How Much are Things Worth?
Assigning a Dollar Value to Sponsorships
It is not easy to just assign a dollar value to a PA announcement, for example. Pursuers of corporate sponsorships must be aware of the “fair market value” of these items. If a local school or college offers comparable items in sponsorship packages, then that would be a good place to start. If there is no local precedent, then create a value. Creating a value is really no more than the “dart board method.” But, when doing this, one should get a feel for what a potential sponsor would pay for each possible item. Based on the maximum that someone might be willing to pay for those things, pro-rate others on size and location and potential turn around to sponsors.
There are other things that must be considered. For example, the costs associated with the production of the things offered should be thought of. It would not make sense to price a sign at $350 when it costs $700 to make the sign. This brings up the discussion of soft costs versus hard costs. Hard costs are those costs that can be considered to be “out-of-pocket” expenses for providing consideration to the sponsor. For example, in order to provide a sign to a sponsor, the sign must be produced. This costs money. Soft costs, on the other hand, are not really cash expenses, so to speak. For example, a PA announcement does not cost anything, but there is still a value for that announcement even though there is no cash expenditure to make it.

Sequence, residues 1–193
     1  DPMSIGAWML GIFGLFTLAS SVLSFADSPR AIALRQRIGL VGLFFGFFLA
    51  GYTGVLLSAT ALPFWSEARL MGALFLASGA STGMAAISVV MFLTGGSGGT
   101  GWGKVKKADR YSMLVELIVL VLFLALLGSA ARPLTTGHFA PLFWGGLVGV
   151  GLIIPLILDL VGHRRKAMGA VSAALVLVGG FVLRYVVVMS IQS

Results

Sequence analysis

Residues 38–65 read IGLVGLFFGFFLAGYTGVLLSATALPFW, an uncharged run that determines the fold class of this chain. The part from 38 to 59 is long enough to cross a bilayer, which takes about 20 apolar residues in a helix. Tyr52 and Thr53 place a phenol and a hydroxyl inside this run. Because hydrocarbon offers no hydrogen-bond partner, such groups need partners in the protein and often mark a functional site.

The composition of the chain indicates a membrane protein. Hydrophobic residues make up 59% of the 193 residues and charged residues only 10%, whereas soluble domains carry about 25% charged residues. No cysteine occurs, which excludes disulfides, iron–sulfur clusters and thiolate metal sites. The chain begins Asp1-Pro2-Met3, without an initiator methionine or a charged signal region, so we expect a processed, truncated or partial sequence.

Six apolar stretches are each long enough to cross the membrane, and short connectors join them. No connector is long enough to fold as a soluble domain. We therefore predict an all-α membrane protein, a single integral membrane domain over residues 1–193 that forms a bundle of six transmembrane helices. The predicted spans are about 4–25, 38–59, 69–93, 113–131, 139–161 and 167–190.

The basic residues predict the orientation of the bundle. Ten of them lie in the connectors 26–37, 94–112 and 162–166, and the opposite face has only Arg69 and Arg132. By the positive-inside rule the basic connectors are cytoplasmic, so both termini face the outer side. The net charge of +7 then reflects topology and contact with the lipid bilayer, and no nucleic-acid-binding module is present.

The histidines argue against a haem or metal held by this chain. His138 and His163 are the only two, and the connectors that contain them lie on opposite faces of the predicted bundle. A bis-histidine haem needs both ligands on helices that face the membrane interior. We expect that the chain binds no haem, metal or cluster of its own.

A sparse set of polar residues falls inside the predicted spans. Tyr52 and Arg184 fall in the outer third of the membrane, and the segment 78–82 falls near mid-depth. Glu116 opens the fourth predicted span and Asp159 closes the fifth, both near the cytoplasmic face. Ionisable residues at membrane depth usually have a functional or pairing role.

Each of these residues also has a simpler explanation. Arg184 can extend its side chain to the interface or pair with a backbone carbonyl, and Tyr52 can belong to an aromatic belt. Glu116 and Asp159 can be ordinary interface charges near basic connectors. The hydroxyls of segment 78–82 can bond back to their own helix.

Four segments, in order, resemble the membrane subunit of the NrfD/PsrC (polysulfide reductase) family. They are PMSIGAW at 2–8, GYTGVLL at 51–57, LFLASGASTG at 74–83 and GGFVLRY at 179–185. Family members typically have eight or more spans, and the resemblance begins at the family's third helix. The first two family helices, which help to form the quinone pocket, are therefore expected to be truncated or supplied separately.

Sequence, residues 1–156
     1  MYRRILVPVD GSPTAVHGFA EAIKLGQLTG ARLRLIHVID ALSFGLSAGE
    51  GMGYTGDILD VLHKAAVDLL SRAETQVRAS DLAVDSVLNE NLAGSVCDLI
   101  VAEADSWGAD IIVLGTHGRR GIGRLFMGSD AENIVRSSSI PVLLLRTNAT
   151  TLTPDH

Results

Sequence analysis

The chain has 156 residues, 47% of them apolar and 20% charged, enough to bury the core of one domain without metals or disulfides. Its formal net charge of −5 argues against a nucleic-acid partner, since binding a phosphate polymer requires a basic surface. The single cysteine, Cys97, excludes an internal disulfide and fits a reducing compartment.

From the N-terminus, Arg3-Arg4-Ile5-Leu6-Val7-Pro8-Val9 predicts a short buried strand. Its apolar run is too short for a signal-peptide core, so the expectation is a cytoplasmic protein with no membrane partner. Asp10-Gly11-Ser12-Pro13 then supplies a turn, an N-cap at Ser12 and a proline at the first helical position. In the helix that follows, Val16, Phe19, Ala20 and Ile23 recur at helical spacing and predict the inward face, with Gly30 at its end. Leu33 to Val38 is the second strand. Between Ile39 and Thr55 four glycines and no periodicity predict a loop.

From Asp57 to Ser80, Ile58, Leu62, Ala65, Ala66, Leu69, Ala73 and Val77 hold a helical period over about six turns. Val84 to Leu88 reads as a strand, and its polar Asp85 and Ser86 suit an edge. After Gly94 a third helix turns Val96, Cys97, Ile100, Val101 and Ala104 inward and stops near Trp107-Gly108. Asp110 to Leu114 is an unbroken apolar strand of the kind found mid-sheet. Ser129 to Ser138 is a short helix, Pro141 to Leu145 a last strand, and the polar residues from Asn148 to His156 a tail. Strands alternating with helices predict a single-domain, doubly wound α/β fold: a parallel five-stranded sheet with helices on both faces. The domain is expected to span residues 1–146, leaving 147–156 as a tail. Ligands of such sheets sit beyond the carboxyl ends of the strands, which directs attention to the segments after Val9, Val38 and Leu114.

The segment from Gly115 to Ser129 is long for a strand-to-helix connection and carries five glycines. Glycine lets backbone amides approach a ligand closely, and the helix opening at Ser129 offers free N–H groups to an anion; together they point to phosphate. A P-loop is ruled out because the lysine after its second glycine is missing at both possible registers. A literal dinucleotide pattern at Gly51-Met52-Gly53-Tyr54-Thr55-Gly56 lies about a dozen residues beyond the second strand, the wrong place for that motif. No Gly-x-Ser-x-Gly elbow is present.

EXAMPLE: Approach a sponsor asking the sponsor to contribute $2,000 to the event. In exchange for the $2,000, the organization will provide a sign ($500), a full-page program ad ($100), three PA announcements ($50 each) two complimentary passes to all VIP event ($150) event sponsorship of a specific activity ($1,000), and 50 complimentary tickets to that night’s event ($250).
The above example showed an instance when there was a Legion cost and that cost was covered by the amount expressed in the contract. The actual dollar amount contributions do not need to match. According to the assigned values, the sponsor is getting more than what it is paying for (giving $2,000 and receiving $2,150). This is called: VALUE ADDED.
When coming up with the value of items that the organization can offer, it is important to place a “fair market value” on them. But remember to make the sponsor realize that they are getting a return on their contribution and, in some cases, it is more advantageous (looks better to prospective sponsors) if the value which the sponsors get in return is greater than what they are contributing.